Judgment: Some therapists can apply their logic and experience in ways that don’t ring true to you. They may consistently make suggestions or interpretations that run counter to what you feel in your gut. You don’t have to second-guess yourself and assume that they’re right just because they’re the professional; if you’re being honest with yourself and genuinely disagree with their assessments, it may be that they simply don’t have the correct insights in your case, or at least that they’re not able to communicate them to you effectively.
None of these factors is necessarily a deal-breaker. There are connections that manage to transcend cultural barriers or an unusual mix of personalities. Don’t let go of a good thing just because you resonate a little with something on this list!
I’m simply saying that if you feel uncomfortable, it’s okay to ask yourself whether it’s therapy that makes you feel that way – the change and effort it involves – or whether it’s your therapist. If you’re not sure, it may help to consider whether one of the factors I listed above is getting in the way of a relaxed, trusting, flexible therapist-client relationship.
If you do run into a mess that feels way too uncomfortable, here are some tips to consider:
Don’t worry about the awkwardness
The first thing that you should know is that it’s perfectly normal and okay to bring this up with your therapist. You may blame yourself, fearing that somehow, you’re the one at fault. You may even worry about causing offense, as if you’re accusing your therapist of doing this maliciously or through negligence.
As a therapist myself, I want to assure you that of all people, your therapist will be able to understand. They will be familiar with the problem and may even be willing to start over, make some changes, and make the relationship work.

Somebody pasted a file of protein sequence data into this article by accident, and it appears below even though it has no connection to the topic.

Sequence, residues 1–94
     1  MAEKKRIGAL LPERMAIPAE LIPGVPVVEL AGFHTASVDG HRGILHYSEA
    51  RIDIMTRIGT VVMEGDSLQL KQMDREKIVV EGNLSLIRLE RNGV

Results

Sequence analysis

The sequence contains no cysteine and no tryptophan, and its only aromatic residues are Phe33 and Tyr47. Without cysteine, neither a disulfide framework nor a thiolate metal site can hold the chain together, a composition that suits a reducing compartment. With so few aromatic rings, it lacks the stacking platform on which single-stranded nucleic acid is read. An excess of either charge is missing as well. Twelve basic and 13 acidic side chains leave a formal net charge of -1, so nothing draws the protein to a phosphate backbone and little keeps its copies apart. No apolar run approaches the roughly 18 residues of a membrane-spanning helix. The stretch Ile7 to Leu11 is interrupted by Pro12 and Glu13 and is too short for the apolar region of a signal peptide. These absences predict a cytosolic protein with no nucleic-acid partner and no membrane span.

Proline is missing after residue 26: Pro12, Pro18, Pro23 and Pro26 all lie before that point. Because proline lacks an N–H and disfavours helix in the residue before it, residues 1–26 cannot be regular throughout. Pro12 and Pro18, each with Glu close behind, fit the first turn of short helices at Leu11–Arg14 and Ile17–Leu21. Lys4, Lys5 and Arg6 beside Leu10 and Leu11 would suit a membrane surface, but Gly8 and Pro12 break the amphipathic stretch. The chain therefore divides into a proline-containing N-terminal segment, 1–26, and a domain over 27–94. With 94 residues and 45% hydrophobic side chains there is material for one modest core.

Even if they can’t, that’s okay, too. The older I get, the more time and opportunity I’m given to work with people, the more I realize that I can’t talk everybody onto the path of wellness. There was a time, I must admit, where I believed that I could if just given the chance; but today, I can tell when a relationship isn’t going to work out. I’m grateful I have a nice, handy list of wonderful therapists to send people to.
In saying all this, I’m certainly not trying to discourage you from trying to find your match. On the contrary, I hope to support the idea that there are definitely innumerable professional people who just might fit the bill—and all of them might be different from one another stylistically. It’s a matter of chemistry more than anything else.
Remember is that there are no magical formulae that can ensure perfection. In fact, there is no perfect fit between individuals. There will be good sessions; there will be uncomfortable ones. There could even be a session where you might get up, storm out, and slam the door behind you, only to come back the next week apologizing profusely.
None of this means that the therapy is kaput.
However, you’re entitled not to want everything that is suggested to you. At the end of the day, you have to feel that overall, your therapist is helping you to make progress more often than not.
As you gain a better understanding of yourself, you’ll recognize when you’re trying to weasel out of something because it’s hard versus when you’re in the wrong place. Trust yourself to know the difference.
And no matter what, go into therapy with an open mind and open heart.